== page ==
CLADmag issue4 2018

Page 41

Officials tend to want to use design to control people in some way Ito’s reputation as an architect of public buildings was truly established in 2001, however, when his ‘Mediatheque’ for the city of Sendai opened to the public. Conceived as a cultural hub completely visible to the surrounding community, the transparent glass-fronted structure appears to float from the street. Clearly visible are its 13 vertical steel lattice columns, stretching from ground plane to the roof like enormous trees. Designed to bring vitality and joy to the interior spaces, they create a sculptural link between the floors, whilst doubling as light shafts and storage spaces for the building’s utilities. Inside, Ito chose largely to forgo walls, and visitors can roam openly across and between floors. In the past, he has outlined his belief that when it comes to public projects, “an architect should be a negotiator”, responsible for encouraging dialogue and debate between those who will inhabit a building in order to arrive at the right design. This, he tells me, is becoming harder to do, because the people who pull the strings do not want to listen to different perspectives. “There is a very common feeling among decision-makers in Japan that new ideas about public space are not needed, and that the types of public buildings we have already are enough,” Ito tells me. “That is a big problem. Especially because the government has a totally different idea about what a public building should be than those who will in fact be using it. “Officials tend to want to use design to control people in some way. But controlling people who want to enjoy space is not a positive vision for urban planning and design.”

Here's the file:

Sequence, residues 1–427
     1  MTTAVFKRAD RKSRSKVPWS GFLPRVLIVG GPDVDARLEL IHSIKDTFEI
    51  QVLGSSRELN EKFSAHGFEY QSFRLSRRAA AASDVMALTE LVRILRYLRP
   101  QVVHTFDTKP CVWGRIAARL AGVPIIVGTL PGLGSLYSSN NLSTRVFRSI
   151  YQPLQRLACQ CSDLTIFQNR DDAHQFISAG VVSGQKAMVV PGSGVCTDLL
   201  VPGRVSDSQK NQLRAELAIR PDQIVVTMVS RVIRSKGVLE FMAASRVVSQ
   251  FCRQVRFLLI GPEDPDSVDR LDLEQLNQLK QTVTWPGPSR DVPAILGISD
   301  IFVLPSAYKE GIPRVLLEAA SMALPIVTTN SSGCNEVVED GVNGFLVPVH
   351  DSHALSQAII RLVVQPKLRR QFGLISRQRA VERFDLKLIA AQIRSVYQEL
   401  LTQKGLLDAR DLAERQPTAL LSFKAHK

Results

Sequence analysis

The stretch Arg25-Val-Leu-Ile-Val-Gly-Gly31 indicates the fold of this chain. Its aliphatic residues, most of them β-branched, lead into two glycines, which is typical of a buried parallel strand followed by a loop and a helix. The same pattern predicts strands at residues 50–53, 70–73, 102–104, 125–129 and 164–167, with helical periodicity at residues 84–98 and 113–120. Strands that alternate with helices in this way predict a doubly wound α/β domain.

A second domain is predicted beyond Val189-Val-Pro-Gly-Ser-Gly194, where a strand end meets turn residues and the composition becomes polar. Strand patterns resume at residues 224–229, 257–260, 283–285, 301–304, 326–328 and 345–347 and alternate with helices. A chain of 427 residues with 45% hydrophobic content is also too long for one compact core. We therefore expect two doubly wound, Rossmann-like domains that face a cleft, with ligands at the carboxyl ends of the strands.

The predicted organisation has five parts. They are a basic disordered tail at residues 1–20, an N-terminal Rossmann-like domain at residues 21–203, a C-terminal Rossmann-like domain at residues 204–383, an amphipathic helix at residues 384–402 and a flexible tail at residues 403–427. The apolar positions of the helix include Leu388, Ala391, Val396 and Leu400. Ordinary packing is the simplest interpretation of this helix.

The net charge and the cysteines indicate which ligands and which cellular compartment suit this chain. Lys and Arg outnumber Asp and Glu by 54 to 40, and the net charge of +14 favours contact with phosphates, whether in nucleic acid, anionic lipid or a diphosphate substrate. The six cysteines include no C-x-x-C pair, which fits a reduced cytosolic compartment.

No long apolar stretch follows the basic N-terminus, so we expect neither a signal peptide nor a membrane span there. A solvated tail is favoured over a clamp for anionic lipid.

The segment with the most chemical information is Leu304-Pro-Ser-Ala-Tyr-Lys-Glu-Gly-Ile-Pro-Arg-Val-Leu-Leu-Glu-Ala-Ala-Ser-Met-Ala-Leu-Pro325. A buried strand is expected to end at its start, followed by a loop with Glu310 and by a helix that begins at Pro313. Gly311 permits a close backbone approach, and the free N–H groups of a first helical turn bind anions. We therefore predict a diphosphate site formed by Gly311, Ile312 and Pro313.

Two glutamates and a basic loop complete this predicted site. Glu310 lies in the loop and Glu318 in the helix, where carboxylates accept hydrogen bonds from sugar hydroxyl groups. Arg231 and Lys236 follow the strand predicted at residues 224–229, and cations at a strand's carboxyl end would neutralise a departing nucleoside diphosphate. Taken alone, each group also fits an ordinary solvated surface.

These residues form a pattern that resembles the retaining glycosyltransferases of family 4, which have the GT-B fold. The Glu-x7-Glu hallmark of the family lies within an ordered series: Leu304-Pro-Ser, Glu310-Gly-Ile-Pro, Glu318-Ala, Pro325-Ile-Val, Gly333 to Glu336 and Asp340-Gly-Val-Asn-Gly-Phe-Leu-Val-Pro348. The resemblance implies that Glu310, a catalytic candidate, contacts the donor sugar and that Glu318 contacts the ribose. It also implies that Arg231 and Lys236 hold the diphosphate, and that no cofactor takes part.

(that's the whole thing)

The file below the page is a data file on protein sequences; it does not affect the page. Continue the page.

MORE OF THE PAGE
Ito with CLADmag contributing editor Kim Megson at the Venice Biennale

The light-fi lled atrium at the Museo Internacional del Barroco in Mexico